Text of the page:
As I’ve mentioned, our short story club is reading Beyond Armageddon edited by Walter M. Miller, Jr. and Martin H. Greenberg. Its specific theme is megawars, which is what Miller calls all-out nuclear conflicts that destroy civilization. Tuesday’s story discussion was on “Tomorrow’s Children” by Poul Anderson which first appeared in the March 1947 issue of Astounding Science Fiction but was probably written in 1946. Coincidentally, today I finished the short novel The Murder of the U.S.A. by Will F. Jenkins (Murray Leinster) which was published in 1946. Both of these stories were written in the year after we bombed Hiroshima and Nagasaki and imagine the United States nearly destroyed by a sneak attack using hundreds of atomic bombs.

For the past few weeks, I’ve been consuming science fiction stories, nonfiction, and documentary films about the development of atomic weapons in the 1940s and 1950s. I want to discover where the common ideas we hold today about surviving an atomic wars come from. Are they from science fiction stories or from general public knowledge? As Civil Defense programs emerged after WWII, Americans were told about what an atomic bomb attack would be like and how to prepare and survive it. It was assumed we’d survive such a war. But as the years went by many people started believing we wouldn’t.

Darker assumptions became the norm. Books, and especially movies and television shows, based on a growing list of memes about atomic wars have shaped what we expected. Over the decades, those fears have taken a back seat to other fears, especially about climate change, and occasionally about plagues, cosmic disasters, and the return of gods. For some reason, we all entertain various scenarios about the end of the world.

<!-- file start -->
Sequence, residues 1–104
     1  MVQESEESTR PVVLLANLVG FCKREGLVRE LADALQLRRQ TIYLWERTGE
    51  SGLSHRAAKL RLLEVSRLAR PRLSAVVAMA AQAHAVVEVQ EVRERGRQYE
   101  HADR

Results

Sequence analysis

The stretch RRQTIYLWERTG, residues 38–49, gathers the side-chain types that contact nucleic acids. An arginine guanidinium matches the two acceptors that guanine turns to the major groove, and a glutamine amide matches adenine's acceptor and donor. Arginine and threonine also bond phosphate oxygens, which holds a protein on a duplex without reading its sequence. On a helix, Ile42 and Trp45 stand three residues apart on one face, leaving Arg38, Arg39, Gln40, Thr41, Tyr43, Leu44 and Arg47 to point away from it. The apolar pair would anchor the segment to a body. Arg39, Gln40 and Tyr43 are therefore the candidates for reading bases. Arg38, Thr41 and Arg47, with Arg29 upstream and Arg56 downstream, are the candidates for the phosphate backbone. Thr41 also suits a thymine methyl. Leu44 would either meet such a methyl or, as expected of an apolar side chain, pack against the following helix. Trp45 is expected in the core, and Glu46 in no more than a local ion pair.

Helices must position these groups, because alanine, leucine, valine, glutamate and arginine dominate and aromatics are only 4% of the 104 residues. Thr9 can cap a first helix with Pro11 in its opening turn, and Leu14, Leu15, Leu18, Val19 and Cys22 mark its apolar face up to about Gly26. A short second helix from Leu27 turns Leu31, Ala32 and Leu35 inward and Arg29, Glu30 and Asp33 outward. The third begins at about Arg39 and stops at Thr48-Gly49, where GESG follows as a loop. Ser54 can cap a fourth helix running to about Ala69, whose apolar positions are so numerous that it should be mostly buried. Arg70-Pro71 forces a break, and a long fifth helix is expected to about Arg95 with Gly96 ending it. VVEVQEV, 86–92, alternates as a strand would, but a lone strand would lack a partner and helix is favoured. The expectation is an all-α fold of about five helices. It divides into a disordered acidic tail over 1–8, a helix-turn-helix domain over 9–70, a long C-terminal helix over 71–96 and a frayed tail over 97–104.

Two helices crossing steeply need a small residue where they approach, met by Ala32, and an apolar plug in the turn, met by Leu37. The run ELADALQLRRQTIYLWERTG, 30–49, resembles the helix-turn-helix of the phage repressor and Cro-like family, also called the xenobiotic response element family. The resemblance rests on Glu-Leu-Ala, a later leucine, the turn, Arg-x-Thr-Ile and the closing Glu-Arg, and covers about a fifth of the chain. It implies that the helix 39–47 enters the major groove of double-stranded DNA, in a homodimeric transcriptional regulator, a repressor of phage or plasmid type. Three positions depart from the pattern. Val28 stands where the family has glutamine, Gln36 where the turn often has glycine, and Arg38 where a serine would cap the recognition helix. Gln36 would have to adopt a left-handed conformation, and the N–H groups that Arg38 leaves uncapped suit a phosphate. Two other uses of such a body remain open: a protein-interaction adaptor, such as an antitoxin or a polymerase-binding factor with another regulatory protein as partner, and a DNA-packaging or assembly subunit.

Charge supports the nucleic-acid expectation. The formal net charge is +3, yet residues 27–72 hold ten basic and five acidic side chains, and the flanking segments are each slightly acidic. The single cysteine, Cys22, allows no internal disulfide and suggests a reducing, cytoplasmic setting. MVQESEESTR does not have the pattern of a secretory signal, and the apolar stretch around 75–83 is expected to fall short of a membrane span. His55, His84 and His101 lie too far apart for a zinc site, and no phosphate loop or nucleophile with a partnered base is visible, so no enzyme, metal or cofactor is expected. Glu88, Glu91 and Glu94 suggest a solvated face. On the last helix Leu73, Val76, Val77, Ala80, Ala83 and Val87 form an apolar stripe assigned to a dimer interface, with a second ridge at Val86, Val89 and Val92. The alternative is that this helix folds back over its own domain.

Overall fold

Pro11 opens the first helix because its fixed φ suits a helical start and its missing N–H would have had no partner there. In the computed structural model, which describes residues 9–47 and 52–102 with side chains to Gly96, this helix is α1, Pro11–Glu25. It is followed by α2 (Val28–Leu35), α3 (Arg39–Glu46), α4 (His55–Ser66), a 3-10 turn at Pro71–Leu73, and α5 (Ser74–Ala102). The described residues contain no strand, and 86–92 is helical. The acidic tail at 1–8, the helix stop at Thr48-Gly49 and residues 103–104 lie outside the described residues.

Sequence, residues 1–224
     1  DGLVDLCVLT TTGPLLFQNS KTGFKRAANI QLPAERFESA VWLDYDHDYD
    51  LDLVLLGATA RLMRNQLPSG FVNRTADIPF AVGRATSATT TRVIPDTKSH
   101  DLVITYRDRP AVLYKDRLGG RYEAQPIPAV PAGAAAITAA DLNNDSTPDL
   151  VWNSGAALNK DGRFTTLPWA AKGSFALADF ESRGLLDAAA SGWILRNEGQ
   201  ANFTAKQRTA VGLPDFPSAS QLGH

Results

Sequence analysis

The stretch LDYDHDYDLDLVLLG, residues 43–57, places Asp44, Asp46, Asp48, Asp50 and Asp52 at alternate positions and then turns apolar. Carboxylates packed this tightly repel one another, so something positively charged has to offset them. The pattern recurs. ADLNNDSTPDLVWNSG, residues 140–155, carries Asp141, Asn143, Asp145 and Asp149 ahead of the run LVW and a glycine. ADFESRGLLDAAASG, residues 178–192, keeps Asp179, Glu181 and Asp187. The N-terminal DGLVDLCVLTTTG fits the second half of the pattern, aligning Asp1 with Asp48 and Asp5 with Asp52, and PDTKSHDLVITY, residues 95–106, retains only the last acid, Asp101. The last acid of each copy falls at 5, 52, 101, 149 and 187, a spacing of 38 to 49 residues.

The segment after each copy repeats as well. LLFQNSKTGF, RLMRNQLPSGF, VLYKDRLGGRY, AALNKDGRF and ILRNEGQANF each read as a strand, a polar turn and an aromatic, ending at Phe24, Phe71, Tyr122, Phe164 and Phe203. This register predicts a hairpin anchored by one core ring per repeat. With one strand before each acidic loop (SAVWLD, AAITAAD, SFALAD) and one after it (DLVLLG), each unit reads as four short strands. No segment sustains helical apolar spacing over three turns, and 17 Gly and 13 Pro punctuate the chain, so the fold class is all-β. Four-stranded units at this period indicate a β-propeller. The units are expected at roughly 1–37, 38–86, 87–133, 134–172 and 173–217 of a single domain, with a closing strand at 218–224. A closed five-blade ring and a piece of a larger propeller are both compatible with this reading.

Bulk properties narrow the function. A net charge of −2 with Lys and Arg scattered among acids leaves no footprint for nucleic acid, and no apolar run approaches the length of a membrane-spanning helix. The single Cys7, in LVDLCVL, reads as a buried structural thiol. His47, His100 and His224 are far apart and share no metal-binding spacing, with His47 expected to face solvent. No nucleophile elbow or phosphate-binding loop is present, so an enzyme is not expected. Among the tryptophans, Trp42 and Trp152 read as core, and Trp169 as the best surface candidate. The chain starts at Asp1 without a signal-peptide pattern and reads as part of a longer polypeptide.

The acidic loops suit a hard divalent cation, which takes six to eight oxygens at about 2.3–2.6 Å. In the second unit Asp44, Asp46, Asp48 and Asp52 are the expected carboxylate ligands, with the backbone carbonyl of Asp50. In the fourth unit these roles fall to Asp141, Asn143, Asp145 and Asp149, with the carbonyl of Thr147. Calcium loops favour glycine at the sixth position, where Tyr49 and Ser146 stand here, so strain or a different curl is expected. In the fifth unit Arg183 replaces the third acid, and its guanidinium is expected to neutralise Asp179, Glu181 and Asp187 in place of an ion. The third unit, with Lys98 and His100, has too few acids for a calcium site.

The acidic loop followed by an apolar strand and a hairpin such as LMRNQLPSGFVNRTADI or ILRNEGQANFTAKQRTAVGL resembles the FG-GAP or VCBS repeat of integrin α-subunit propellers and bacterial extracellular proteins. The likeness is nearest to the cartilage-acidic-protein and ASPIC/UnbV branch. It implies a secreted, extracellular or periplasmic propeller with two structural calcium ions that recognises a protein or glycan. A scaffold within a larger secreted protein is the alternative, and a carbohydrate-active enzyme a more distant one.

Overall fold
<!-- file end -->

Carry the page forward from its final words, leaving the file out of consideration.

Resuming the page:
For some reason, reading all this old science fiction about nuclear war has shown me we were too worried, and mostly scaring ourselves. Sure, such wars were possible, but not as likely as everyone feared. That makes me wonder if we’re too worried about climatic change, or economic collapse, or pandemics? Of course, all these things can actually kill us, but what are the odds that they will kill as many people as fiction imagines?

In “Tomorrow’s Children” Anderson imagines Americans in small towns rebuilding after the war but still suffering from widespread fallout of radioactive dust and germs from biological weapons. Anderson pictures both human and animal births being overwhelmed with horrible mutations. It’s a grim story, but ultimately positive. His solution is we must give up all prejudices about what people should look like. “Tomorrow’s Children” was well anthologized.

Anderson also pictures many of the tropes we’ll see used in most post-apocalyptic novels that have been published since then. I often wonder if the success of AR-15 sales isn’t due to apocalyptic fears? Are survivalists and preppers living with assumptions that are probably more science fiction than fact?